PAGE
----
Still Wandering in Indiana

Discussion in 'Ride Reports - Day Trippin'' started by radianrider, Jul 30, 2017.

  1. 72 Yamaha RD350

    72 Yamaha RD350 Been here awhile

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    8B8A66DF-4519-4597-AE7B-7548F94AB165.jpeg On Tuesday night I picked up a spare Schuberth C3 helmet from Craigslist for $60. Admittedly I didn’t check it out too closely when I met the Seller as it was in the original Schuberth cover and he had the factory paperwork for it so it wasn’t stolen which was my primary concern. The guy was the original owner.

    As I was driving home I began to notice an odor in my car. It was the helmet. The guy had stopped riding a few years ago and put the helmet in his basement. When I got home I took a whiff and holy moly IT WAS BAD! It smelled like a cat had used it for a litter box.

    I removed all the liners and threw them in the washing machine. They came out smelling clean and fresh. So today while we have snow on the ground and riding season is six months away - I am trying to get the smell out of the non-removable portions of the helmet.

    The side benefit is:
    a) I’ll know this helmet can handle a rainstorm
    b) I’ll know never to trust a guy who rides a Honda
  2. radianrider

    radianrider Adventurer wanna'be

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    Lol! You are braver than I am. Not buying a used helmet from anybody.

    Got the bike out for a few miles (20) this afternoon. Very pretty, but cool day to ride. Had to stop at one point to zip up my fleece around my throat. Adam's apple was getting very chilly.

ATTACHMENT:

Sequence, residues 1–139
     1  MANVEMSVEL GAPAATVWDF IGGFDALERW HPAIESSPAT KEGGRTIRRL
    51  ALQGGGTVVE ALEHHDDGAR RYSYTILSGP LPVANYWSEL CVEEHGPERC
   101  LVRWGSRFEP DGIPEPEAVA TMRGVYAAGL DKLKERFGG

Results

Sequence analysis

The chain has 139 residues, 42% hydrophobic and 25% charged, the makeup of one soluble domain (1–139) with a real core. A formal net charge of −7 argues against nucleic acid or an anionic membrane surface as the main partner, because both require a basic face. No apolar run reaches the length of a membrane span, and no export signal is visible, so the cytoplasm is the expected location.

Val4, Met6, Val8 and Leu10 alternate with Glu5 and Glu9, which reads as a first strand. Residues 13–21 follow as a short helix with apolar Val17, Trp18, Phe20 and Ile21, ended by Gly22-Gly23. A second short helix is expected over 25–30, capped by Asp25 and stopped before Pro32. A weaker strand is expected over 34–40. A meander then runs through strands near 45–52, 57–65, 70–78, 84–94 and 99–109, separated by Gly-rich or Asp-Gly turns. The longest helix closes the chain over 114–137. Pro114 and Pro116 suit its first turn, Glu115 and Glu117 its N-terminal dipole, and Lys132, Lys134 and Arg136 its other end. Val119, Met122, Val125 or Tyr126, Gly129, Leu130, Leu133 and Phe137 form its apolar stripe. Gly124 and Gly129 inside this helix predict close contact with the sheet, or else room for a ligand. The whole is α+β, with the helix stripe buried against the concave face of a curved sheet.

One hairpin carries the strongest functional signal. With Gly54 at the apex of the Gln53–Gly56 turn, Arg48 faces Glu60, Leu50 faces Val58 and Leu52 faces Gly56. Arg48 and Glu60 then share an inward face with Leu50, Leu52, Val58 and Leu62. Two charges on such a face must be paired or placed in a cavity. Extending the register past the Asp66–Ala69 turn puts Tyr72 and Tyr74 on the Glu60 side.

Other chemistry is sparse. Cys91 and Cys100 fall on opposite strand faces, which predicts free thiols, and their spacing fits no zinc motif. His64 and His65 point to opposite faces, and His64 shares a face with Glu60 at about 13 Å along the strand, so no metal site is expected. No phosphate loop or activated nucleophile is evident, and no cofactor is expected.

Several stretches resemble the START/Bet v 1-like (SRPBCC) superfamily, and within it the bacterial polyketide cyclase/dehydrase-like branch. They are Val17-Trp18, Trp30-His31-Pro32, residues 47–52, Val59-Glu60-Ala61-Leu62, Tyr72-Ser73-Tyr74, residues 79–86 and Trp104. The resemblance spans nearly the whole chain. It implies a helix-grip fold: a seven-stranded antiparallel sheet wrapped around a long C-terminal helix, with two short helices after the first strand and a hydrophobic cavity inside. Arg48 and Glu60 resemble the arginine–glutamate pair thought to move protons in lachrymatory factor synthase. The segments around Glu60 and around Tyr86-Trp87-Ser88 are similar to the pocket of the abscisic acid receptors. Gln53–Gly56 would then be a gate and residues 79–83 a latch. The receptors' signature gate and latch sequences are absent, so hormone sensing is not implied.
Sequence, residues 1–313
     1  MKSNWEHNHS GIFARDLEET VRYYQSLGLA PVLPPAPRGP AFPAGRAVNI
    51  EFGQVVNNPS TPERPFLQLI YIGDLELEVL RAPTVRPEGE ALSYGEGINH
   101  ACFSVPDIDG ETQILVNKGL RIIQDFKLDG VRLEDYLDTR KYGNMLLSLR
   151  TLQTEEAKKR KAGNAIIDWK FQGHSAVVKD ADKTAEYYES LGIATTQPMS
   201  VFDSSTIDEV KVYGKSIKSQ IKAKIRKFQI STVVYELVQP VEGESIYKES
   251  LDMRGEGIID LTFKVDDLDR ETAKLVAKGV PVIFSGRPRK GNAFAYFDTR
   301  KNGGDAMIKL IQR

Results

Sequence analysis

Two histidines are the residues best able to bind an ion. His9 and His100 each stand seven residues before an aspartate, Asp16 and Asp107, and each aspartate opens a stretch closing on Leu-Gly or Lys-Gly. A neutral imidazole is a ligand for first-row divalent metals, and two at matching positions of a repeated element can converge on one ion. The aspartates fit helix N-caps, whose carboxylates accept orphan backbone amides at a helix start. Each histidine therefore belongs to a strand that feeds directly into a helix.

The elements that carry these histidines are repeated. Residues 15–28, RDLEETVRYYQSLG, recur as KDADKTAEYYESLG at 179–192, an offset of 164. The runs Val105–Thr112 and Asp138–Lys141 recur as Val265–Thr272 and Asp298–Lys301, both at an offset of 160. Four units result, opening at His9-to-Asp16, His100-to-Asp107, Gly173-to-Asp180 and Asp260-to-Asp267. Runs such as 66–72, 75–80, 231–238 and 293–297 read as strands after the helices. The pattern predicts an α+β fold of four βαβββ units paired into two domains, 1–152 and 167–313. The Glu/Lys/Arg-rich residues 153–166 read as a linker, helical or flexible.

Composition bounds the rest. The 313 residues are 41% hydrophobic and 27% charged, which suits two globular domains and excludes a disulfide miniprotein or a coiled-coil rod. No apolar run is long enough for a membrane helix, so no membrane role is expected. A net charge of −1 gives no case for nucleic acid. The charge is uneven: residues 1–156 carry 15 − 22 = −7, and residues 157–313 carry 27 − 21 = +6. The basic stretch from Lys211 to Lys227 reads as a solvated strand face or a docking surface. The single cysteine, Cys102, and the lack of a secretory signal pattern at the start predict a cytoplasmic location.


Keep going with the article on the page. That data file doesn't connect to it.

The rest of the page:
Didn't see any other bikes out, but I really enjoyed myself for the time I was out. My usual "hour-ride route" was interrupted by a detour, but I found some reasonable alternatives and had a lot of fun.

    No pictures as I left my camera at home. You'll have to imagine it. Good luck!
  3. 72 Yamaha RD350

    72 Yamaha RD350 Been here awhile

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    Hours of submersion in hot water with a bit of laundry detergent appears to have worked. The helmet now smells like various versions of Tide we had on hand.

    I would not have bothered, but I need spare helmets of multiple sizes for the occasional guest rider. It’s not something I want to spend a lot of money on, but I do want the helmets to be high quality. This one was manufactured in 2012 but the EPS is in good condition - likely a result of our cooler temperatures.